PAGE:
-- The Miami Herald's Web team pulled off another gem this morning. Headline: "Early morning driving is difficult because of traffic woes - 7/18/2006 08:27 AM EDT"
Read this thing. Is the Herald serious about posting traffic reports in the morning at 8:30 a.m., when most people are already on the road, experiencing those woes firsthand? I'm sure the morning radio people -- who can actually do drivers some good -- are quaking in their boots.
-- It's true, Casmo (not Cosmo, as the Herald initially reported) Hill was killed by friendly fire during a robbery attempt in Broadview Park. But the Herald just can't his name straight. In the middle of what is a very strong and interesting story by Wanda DeMarzo and Darran Simon, the Herald reverts to the misspelling of his name. ''If I knew, believe me, Cosmo would be alive today and Troy wouldn't be where he is,'' Baker said Monday. ''Cosmo is like a son to me. I lost two sons.''
You'd think she'd get the first name of her "son" right. That's one of those errors that, as a reporter, crawls into your skin. All reporters have them on occasion, those mistakes that are fairly insignificant in the scope of things, but never should happen and sully otherwise solid reports. And in this case, the blame should fall squarely on the Herald's formidable copy editing desk, especially after the newspaper learned that they had gotten the name wrong in the first place.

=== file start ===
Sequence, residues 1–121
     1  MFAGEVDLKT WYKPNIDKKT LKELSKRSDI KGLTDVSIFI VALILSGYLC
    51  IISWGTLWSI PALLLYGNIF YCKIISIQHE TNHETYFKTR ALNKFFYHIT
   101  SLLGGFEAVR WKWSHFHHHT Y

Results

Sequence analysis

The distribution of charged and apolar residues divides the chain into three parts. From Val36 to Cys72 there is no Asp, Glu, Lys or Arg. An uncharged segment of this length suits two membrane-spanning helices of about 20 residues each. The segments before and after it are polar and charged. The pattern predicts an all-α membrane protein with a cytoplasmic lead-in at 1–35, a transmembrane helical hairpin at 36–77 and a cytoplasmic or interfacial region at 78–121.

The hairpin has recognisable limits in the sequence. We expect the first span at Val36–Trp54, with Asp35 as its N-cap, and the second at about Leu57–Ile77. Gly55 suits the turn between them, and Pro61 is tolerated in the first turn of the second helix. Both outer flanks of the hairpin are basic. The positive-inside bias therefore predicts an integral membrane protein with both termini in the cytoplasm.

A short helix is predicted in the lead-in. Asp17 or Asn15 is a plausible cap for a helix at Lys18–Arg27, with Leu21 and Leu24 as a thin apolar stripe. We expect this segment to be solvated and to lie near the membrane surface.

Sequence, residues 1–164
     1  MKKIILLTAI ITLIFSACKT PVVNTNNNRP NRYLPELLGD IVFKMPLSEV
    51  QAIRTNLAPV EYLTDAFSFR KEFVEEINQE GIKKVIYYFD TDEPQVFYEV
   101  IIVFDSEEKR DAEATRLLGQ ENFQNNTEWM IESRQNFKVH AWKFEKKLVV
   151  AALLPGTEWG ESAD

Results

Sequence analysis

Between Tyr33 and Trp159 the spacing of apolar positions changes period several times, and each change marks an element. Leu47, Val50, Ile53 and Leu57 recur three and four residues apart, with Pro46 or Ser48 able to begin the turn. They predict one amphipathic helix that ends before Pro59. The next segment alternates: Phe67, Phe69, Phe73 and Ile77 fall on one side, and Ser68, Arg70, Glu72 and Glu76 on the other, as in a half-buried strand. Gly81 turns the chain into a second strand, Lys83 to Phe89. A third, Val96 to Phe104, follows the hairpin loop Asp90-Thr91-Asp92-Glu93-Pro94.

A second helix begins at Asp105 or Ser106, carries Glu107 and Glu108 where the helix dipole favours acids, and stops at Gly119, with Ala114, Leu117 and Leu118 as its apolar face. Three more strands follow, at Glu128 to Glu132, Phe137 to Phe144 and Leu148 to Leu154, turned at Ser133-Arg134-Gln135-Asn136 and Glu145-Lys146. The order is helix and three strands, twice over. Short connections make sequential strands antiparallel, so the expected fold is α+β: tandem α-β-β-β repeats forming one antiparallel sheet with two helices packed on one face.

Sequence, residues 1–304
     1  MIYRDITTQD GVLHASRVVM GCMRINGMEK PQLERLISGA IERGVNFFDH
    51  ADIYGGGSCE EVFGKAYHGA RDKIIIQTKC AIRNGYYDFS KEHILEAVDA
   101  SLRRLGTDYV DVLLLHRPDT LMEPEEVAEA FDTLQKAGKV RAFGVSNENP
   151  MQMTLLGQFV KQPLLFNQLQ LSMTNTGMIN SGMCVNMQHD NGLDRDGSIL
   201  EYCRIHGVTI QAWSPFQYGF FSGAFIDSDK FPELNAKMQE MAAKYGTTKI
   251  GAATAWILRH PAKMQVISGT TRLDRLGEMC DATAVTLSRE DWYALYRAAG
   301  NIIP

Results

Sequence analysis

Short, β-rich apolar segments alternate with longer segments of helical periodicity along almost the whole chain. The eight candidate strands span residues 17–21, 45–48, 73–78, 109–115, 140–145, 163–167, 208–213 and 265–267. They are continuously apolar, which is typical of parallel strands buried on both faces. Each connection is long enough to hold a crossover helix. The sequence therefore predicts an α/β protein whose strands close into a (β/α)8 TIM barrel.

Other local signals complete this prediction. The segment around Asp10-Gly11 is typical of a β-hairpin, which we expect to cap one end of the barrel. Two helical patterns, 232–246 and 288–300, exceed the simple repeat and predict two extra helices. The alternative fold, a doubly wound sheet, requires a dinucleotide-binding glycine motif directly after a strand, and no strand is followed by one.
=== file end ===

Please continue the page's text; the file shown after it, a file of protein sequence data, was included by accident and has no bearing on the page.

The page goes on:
-- Apparently the News-Press, my ol' journalistic alma mater, didn't get the memo about "Regina Milbourne" aka the "Miami Psychic." They printed the lies on Sunday as if they were set in stone in the book of truth. Research, friends, research.
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-- Fred Grimm enters the Muslim store owners fray and I think he lays an egg this time out. It's an arm-chair column based on little to no reporting. Get out in the community, Fred, check out the prices in the stores, talk to the people. It is of course true that waging broad attacks on a people that rely on a few anecdotes is wrong, but there's real resentment here. This is no place for high-on-the-mountain columnizing, but for shoe-leather reporting. People want to know what it's like to live from paycheck-to-paycheck and rely on these little overpriced stores for sustenance. They want to know if the stores do indeed exploit the people and give little back to the community or if it's a myth borne of irrational fear and distrust of another religion. One thing that is clear: Nobody needs a lecture from a well-paid suburban-living Publix-shopping white fellow who has no idea of the reality on the ground.